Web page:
The Central Museum of Textiles in Łódź
The Central Museum of Textiles in Łódź (CMT), Poland opened in 1960, and is located in a former textile factory of classicist architecture. The museum presents textiles across a broad spectrum of meanings and ideas, combining the rich history of Łódź’s textile industry with the artistic vision of artists who propagated textile art in the world.
The museum runs exhibitions, educational activities and interdisciplinary research projects. It has an impressive collection of textile art, fashion and objects related to the history of textile industry. Since 1972, CMT has been organising the International Triennial of Tapestry, offering opportunities for artists to showcase their textiles works.
Image courtesy: The Central Museum of Textiles in Łódź
Lottozero is an international centre for textile art, design and culture, based in Prato, Italy. It operates both as a creative hub and as a consultancy studio, working with designers, artists, brands and institutions and providing personalised services to anyone operating in the world of textiles, textile art and fashion. With a gallery, a shared studio and an open fab-lab, Lottozero’s activities in the field of contemporary art explore the multiple connections between art and textile material through the development of residencies, the creation of performance events and exhibition projects, consultancy for the production of works of art and the creation of networks and collaborations on an international scale.
Image courtesy: Lottozero
The TextielMuseum is a dynamic and creative working museum located in a former textile factory in Tilburg, the Netherlands. It is the only place in the world where textile design, art, fashion, industrial heritage and innovation come together. The combination of inspiring exhibitions, educational programmes and the TextielLab, which is specialised in textile research and production, makes the museum unique in its kind. The collection and exhibitions are integrated and form part of the comprehensive package of activities that the museum organises in the framework of knowledge transfer. In this regard, the Museum Affairs and Education departments, and the TextielLab work closely together.
Image courtesy: TextielMuseum
Sjouk Hoitsma studied Textile Art at the Academy for Visual Arts in Tilburg, the Netherlands then studied History of Art and Fashion at the University of Leiden, the Netherlands. After working as a curator in fashion, textiles and cultural heritage at the City Museum of Rotterdam, she joined as a curator of art and design for the TextielMuseum in Tilburg, the Netherlands in 2020. She is currently in charge of the Dutch textile art and design collection there. Hoitsma has also worked on commission programmes to engage Dutch artists to develop projects in the TextielLab at the museum.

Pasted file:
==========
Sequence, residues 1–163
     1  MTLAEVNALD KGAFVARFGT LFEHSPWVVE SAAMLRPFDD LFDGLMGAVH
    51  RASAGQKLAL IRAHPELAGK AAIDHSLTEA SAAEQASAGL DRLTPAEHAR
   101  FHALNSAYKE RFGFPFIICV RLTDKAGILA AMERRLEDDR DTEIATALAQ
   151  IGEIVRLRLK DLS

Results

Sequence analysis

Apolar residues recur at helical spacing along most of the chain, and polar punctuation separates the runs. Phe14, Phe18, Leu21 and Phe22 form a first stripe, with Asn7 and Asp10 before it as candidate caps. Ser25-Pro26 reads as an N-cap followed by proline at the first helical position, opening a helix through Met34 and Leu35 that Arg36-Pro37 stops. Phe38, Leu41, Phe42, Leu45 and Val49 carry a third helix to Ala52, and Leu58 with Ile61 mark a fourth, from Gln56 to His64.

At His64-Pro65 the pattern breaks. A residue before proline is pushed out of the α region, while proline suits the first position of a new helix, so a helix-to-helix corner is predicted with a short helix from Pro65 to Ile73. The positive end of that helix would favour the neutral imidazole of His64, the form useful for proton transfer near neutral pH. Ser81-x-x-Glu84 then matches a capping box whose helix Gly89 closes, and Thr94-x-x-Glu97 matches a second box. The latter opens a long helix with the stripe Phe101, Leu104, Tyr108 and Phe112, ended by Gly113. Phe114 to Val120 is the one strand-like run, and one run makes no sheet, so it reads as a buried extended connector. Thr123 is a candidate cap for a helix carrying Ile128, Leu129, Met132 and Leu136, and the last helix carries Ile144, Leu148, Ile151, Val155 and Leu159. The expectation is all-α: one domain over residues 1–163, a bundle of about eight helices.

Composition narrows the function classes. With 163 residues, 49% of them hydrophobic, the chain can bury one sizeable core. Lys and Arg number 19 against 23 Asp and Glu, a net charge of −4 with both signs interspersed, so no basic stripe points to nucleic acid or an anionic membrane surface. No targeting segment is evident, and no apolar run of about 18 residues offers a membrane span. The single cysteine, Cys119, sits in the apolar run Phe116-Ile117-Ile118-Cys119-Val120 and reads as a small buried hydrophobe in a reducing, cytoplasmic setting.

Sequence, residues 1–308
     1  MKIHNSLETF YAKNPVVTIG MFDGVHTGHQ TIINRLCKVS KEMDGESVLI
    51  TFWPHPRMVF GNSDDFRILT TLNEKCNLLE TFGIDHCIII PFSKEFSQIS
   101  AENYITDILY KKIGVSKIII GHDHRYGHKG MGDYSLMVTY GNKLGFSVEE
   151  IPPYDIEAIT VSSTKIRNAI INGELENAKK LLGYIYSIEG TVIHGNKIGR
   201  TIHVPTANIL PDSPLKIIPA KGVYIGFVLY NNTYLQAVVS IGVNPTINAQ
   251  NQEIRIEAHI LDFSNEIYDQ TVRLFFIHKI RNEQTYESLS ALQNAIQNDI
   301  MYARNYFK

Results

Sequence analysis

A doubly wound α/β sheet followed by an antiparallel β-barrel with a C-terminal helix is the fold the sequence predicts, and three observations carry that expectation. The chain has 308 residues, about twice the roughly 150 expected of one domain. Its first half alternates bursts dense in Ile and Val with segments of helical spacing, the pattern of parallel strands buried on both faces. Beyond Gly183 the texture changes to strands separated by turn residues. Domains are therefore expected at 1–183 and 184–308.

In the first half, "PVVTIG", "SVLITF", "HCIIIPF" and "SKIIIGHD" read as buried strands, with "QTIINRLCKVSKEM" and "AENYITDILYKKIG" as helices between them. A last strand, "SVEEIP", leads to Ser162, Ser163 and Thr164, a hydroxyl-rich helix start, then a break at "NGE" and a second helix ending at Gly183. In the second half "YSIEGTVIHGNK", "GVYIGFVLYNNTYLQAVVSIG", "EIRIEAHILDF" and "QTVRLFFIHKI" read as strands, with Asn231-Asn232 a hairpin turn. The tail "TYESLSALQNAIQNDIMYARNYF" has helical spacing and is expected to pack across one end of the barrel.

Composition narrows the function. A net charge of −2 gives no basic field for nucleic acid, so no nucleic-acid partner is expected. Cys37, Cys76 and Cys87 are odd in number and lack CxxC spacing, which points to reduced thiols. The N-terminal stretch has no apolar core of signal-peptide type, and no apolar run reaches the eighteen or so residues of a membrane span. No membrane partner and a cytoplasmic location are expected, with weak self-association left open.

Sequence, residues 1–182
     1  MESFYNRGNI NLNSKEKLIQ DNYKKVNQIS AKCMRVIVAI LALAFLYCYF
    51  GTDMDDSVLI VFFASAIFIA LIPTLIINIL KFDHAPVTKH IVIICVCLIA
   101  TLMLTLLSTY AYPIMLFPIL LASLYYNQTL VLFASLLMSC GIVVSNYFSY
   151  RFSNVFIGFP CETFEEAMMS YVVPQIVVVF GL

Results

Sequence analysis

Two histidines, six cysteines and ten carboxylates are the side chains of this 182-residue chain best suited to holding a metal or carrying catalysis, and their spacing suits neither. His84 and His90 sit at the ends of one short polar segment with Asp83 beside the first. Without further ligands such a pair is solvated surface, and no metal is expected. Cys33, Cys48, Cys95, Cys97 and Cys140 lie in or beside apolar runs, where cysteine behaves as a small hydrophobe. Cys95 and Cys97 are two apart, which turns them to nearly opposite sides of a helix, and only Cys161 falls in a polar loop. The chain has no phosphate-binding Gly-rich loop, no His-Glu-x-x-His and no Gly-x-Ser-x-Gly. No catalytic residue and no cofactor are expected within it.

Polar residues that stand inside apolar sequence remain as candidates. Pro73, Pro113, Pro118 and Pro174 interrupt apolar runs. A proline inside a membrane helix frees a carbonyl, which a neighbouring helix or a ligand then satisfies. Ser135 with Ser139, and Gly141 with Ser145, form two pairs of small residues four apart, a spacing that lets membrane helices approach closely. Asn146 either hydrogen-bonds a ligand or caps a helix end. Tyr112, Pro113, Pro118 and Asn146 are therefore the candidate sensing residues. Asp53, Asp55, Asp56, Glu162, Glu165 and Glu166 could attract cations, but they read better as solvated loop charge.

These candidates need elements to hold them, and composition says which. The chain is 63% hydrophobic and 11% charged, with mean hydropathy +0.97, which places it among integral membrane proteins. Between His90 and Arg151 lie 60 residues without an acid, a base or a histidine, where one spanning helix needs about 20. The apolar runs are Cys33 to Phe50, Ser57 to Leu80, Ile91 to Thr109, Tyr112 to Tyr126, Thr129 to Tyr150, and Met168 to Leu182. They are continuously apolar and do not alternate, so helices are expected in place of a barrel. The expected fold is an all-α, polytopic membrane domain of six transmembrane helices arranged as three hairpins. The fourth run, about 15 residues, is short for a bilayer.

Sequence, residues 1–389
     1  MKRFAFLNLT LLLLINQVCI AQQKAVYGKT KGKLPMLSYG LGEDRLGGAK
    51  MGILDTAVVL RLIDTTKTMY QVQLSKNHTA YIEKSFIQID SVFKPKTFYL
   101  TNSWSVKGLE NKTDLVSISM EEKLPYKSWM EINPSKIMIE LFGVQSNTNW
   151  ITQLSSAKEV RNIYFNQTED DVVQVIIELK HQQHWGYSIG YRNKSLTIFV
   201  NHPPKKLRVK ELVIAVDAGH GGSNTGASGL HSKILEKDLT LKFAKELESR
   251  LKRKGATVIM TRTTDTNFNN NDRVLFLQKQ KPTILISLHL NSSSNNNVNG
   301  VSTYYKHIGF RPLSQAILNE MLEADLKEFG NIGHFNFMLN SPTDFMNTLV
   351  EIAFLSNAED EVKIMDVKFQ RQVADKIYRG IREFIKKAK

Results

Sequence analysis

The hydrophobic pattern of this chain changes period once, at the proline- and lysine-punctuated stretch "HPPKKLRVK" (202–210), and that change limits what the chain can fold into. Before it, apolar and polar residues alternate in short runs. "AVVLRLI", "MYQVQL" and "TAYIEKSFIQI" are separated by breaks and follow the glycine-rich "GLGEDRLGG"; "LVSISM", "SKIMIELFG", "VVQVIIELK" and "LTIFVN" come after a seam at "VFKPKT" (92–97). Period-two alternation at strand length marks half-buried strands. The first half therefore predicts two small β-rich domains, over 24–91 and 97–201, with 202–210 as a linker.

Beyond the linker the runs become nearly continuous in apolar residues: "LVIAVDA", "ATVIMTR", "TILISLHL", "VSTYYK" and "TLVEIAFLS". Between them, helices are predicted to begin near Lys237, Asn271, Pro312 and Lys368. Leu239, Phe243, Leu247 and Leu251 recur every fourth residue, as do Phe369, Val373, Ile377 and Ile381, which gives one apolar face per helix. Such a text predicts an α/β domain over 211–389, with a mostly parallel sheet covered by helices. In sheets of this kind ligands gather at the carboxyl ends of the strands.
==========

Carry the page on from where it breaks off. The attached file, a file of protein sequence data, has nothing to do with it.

Image courtesy: Sjouk Hoitsma
Graduated from the Polish School of Reportage, Marta Kowalewska is an art historian and critic as well as the chief curator of The Central Museum of Textiles in Łódź, Poland. Kowalewska has curated numerous contemporary exhibitions including Metamorphism. Magdalena Abakanowicz (2017-18), Rebellion of the matter (2017), 100 Flags for the Centenary of Polish Women’s Suffrage (with the 100 FLAG collective, 2019), Antoni Starczewski: The Idea of Linear Notation (with Grzegorz Musiał, 2022) and Threads of a New Spirituality (with Elisabetta Mero, 2022). She has also been working as the curator of the 16th and 17th International Triennial of Tapestry (2019, 2022).
Image courtesy: Marta Kowalewska
Graduated from the Faculty of Literature and Philosophy at the University of Florence, Alessandra Tempesti worked for several years in the Educational Department of the Center of Contemporary Culture Strozzina in Florence. After studying digital textile design, she started working as a curator at the Kunsthalle of Lottozero, an international centre of textile art, design and culture in Prato, in 2016. With her interest in the textile medium in contemporary art, Tempesti’s recent curated exhibitions include a series of site-specific projects at Museion Casa Atelier, in Bolzano (2019) and About ABOUT A WORKER (co-curated with Elena Ianeselli in collaboration with the Center for Contemporary Art Luigi Pecci, Lottozero Kunsthalle, Prato, 2020).
Image courtesy: Alessandra Tempesti
ABOUT A WORKER
ABOUT A WORKER is a design studio founded as a practical social and creative system by Kim Hou and Paul Boulenger in 2017. Their aim is to give workers from around the world a voice by becoming designers while valuing their craft and creative talents. They initiate collaborations between workers, craftspeople, students, consumers and influential industries, thus offering a platform to meet and build inclusive systems for a brighter future. ABOUT A WORKER also creates a new method of making fashion, where the worker is placed at the centre of the creative process so that their vision and personal stories can be incorporated.
Image courtesy: ABOUT A WORKER
Born in Poland, Pamela Bożek is an artist and activist engaging in post-artistic activities, most frequently of a participatory nature, on a human rather than artistic level which is based on community- and relationship-building. Bożek is also the publisher and editor of the WIZA-VIS magazine, which is co-created with migrants, refugees, as well as their allies, for the sharing of privileges while giving voice and visibility to these groups whose narratives remain in the margins. To establish mutual support between contemporary art and the third sector, she cooperates with NGOs acting for the benefit of migrants in Poland. She is also the founder and facilitator of the post-artistic bookbinding initiative Notesy z Łukowa (Notebooks from Łuków) that financially supports refugees in Poland.
Image courtesy: Pamela Bożek
Breakthrough Art Studio
Cecilia Lai and Barnard Chan started working with the fibre arts and weaving from 2015. They co-founded Breakthrough Art Studio. Over the years, they have visited different villages in South East Asia to study various ancient weaving techniques. In addition to researching the weaving methods of various cultural and historical backgrounds, they have also rebuilt and explored different loom constructions and tools, including traditional backstrap loom, tablet loom, inkle loom, natural fibre weaving, frame loom and variations of the desktop and floor loom.